The girl at the desk took my card, looked up my name in the enrolment book, carefully crossed it out with a ruler and pen, and handed me a voting slip. I took the piece of paper behind a flimsy booth assembled from folded cardboard, took a fat orange marker pen and ticked my preferred party and electorate candiate, then dropped the folded paper into the 'Wellington Central' box on my way out the door.
The whole process took about three minutes. It was no more complex than making a bank deposit, notably simpler than mailing a package, and as reassuringly low-tech as either. You have to admire the dedication of those who stood hours in line on a weekday to vote in the US election, and the gravitas that gave the whoel event. But in its efficiency and low-key pleasantness, election day in New Zealand was 21st-century democracy.
About the results, perhaps the less said the better for now.
Wednesday, November 05, 2008
The patchwork quilt of American perspectives and passions is illustrated by some of the propositions that were added to the ballot in various states. Arizona, Florida and California voted for bans on gay marriage. Nebraska voted decisively to 'end affirmative action', while a similar vote in Colorado was too close to call. Colorado also rejected a proposition to define human life as beginning at the moment of conception -- though 27 percent of people voted in favour. From the liberal corner, Michigan voted to permit medical marijuana and (only just) stem-cell research, while Washington passed by a 60-40 margin a proposition that would allow doctor-assisted suicide.
Even if he wanted to, it's unlikely that Obama could sign up to the International Criminal Court, end the War on Drugs, or drive a fairer, less unilateralist approach to international trade and intellectual property law. Obama himself might be portrayed as an uber-liberal by his detractors, but his stated policies would position him as a pretty dry centrist in most parts of the western world. Managing the fallout from the financial crisis, starting some kind of orderly extraction from Iraq, and making a few baby steps towards health care reform are already herculean-enough tasks for a first term. A little progress on alternative energy and non-paranoid immigration policy would be an added bonus.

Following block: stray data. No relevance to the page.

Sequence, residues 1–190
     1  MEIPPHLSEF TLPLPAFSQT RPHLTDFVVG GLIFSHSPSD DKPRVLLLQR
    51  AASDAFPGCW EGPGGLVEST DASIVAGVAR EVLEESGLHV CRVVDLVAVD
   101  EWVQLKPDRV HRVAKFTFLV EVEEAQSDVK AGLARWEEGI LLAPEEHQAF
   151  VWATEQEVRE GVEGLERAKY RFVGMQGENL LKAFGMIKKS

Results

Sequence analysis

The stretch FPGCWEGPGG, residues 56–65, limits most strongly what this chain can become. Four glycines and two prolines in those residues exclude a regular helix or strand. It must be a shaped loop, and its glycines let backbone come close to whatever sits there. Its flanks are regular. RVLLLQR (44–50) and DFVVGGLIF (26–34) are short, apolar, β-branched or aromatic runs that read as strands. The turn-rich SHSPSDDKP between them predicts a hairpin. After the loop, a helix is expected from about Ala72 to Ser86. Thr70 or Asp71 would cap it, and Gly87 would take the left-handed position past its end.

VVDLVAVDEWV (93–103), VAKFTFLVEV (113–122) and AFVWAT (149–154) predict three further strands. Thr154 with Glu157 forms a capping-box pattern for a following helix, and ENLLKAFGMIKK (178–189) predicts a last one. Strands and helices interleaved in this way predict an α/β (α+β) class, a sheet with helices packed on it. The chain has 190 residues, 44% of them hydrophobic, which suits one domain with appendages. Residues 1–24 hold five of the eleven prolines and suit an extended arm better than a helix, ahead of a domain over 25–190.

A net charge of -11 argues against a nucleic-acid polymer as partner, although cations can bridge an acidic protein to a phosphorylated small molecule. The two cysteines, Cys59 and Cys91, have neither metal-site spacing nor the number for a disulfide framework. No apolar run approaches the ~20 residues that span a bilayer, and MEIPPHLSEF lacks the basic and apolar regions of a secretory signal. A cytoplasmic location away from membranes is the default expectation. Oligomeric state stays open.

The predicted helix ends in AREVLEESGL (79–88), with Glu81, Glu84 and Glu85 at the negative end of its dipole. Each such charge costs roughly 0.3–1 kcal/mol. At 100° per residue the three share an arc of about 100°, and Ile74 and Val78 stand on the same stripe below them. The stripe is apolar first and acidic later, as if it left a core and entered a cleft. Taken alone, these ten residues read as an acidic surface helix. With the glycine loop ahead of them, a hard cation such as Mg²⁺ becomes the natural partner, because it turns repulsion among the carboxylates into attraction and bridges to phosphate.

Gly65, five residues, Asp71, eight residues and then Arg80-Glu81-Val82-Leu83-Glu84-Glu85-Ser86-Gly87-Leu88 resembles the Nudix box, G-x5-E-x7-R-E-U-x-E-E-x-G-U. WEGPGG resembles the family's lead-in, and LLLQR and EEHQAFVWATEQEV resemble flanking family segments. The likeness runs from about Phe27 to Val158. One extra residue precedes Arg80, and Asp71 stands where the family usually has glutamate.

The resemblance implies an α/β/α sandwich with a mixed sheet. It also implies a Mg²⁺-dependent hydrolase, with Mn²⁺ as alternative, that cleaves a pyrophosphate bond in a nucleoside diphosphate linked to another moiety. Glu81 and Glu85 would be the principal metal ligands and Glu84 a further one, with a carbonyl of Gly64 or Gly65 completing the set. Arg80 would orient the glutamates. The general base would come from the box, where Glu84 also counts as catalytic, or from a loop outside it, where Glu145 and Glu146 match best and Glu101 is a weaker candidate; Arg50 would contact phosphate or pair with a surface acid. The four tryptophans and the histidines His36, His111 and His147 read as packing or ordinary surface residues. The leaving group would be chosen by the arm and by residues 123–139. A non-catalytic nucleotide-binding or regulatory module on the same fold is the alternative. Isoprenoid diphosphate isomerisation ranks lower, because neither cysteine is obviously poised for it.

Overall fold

Caveats aside, let's face it, it feels like a dark, heavy cloud has lifted. At the very least, the sane and rational people are back in charge. The sensible, generous, optimistic side of America was in the ascendancy at last week's election, with outsiders in the unaccustomed position of drawing inspiration rather than despair from events in the US. The dark specter of racism hasn't exactly been ended by Obama's victory, but the symbolic value is enough to get people digging out their Sam Cooke.
The turn for the better should mainly be of benefit to US citizens themselves, who can be a little more confident that the executive arm of their government will show a little more sincerity and humility in pursuing its core objectives. But that might also mean that some other countries are a little less able to project their own pathologies onto an imperial scapegoat.
Should Obama grow weary of the inspiring speeches, be slow and cautious in his reforms, and generally turn out to be little other than a studious, lawyerly technocrat with a good command of the English language, that will still be a massive improvement and a cause for hope.